Third, Washington can deny involvement in the current fervent disputes between China and Japan over the Diaoyu/Senkaku Islands. After Japan’s lightning attack on Pearl Harbor, the Office of Strategic Services (the OSS, which later became the CIA) obtained a 1939 Japanese map from Glenn Trewartha at the University of Wisconsin, back when the war committees, including the State-War-Navy Coordinating Committee, planned to land on Okinawa. Since the 1940s, Washington has used Senkaku to identify the Sino-Japanese disputes in the East China Sea. It was not until 10 days before Nixon signed the reversion treaty with Japan in 1971 that the White House finally realized the United States had been ensnared in one of the most complicated territorial disputes in the world because of the OSS. Henry Kissinger finally offered a “Band-Aid” solution—strategic ambiguity—which has ultimately become today’s American position concerning the Diaoyu/Senkaku Islands. During a conversation in the oval office, Kissinger mentioned twice the “six-month” period. If there had been six months before Washington signed the Reversion Treaty with Japan, the White House would have solved the Diaoyu/Senkaku Islands problem once and for all. Instead, the Americans have been involved in the Sino-Japanese territorial dispute since the 1940s, and Washington has continued to make errors. The most recent error created by Washington occurred when the current president visited Japan to mention that Sino-Japanese territorial disputes in the East China Sea would be covered by Article 5 of the Japanese-U.S. security pact. Washington has not been concerned about these uninhabited islands in the sea (because Okinawa, which is a much bigger island, returned to Japan) but has continued to play the Sino-Japanese territorial “card” against China and Japan, as Zhou Enlai warned when he met Prime Minister Tanaka Kakuei in September 1972.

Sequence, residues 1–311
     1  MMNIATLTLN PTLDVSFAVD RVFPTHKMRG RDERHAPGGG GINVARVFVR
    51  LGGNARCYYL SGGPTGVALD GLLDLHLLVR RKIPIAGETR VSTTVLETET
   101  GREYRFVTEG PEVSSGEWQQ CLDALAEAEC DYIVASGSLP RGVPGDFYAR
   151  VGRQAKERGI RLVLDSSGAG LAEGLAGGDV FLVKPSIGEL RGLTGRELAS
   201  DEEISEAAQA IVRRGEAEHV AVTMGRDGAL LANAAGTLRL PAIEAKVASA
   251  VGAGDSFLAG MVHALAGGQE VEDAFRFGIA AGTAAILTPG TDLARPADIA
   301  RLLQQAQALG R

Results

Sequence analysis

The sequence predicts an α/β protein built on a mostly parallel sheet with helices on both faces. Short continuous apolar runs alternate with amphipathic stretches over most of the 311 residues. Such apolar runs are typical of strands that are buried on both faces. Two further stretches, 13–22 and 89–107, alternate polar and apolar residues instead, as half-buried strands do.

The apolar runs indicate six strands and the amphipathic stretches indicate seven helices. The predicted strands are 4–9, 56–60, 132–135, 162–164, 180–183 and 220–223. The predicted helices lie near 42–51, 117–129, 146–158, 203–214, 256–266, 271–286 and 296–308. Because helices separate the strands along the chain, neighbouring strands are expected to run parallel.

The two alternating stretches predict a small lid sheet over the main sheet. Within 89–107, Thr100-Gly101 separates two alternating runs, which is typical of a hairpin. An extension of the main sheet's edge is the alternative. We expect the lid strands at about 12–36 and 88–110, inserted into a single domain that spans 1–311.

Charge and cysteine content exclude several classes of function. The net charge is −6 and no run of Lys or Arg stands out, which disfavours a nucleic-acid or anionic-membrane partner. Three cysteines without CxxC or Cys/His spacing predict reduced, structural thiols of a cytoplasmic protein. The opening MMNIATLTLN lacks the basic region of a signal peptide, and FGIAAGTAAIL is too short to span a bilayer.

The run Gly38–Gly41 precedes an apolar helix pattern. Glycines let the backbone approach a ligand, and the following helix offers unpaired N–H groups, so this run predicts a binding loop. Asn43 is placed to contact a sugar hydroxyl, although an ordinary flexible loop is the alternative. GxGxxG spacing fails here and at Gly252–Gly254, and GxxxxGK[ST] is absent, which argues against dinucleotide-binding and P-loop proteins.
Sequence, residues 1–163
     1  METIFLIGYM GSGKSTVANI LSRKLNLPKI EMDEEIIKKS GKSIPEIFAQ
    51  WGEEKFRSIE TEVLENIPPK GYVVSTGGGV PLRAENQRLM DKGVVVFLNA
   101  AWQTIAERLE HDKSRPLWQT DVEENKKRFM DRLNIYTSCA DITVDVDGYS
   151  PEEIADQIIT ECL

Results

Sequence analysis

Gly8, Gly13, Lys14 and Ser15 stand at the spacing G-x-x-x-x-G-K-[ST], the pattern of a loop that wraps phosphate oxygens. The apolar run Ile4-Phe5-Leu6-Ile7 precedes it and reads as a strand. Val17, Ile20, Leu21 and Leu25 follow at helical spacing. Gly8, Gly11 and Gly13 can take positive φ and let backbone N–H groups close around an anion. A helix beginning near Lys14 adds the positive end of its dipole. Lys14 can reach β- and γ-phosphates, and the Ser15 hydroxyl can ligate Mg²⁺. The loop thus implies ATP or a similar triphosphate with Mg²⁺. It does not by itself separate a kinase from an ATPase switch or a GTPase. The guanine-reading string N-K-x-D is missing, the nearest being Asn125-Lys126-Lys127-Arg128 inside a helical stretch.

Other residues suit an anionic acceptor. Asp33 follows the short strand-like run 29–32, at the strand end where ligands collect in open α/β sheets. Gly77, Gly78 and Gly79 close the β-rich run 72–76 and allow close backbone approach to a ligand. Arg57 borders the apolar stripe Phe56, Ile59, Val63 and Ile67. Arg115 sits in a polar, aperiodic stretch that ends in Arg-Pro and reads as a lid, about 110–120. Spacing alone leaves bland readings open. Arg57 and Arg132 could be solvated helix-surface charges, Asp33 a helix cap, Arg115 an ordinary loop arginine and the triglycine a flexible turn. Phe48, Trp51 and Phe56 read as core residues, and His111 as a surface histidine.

Ironically, in the end, almost all issues related to Japanese activities in WWII, such as the Sino-Japanese territorial dispute and Unit 731, directly or indirectly involved the United States. Unlike Chancellor Willy Brandt of West Germany, Abe Shinzo lost a great opportunity to make history in the past by looking forward to the future with Asian countries, especially China and South Korea. As Rana Mitter states in Forgotten Ally: China’s World War, 1937–1945, Washington was an ally with the Chinese in the fight against Japan’s aggression during wartime. The United States switched its “allegiance” from Beijing to Tokyo when Mao Zedong took over China in 1949. Thus, the day the Japanese prime minister addressed the Asian-African Summit as part of the events to commemorate the 60th anniversary of the Bandung Conference in Indonesia, Ex-Nazi soldier, 93-year-old Osakar Gröning, was finally arrested. This symbolized the difference in attitude toward war crimes between Japan and Germany. Have any Japanese been prosecuted for abuse of Chinese human rights inside Unit 731? Have any Japanese been indicted for coercing and kidnapping Chinese girls to be “comfort women” servicing Japanese soldiers during wartimes? Have any Japanese been prosecuted for POW abuse during wartimes? Did any Japanese take responsibility for abandoning biological and chemical weapons inside China during the Tokyo trial? The answer is negative. All these criminal acts against humanity carried out by Japanese soldiers during wartimes can be forgotten or forgiven as long as the “Big brother” in Washington remains silent or acquiescent. Today, the Japanese government plays down these wartime events, because legal responsibility is not Tokyo’s concern. Seventy years after WWII, “proactive peace” diplomacy is the priority for the Tokyo regime’s propaganda efforts to make Japan “look good” on the world stage. This proactive peace diplomacy might lead the Japanese people in a different direction in the future, because the current Japanese regime has changed to allow the export of weapons overseas, to permit the participation of the self-defense forces in the war zone as “collective defense” acts, and to change Article 9 in the near future.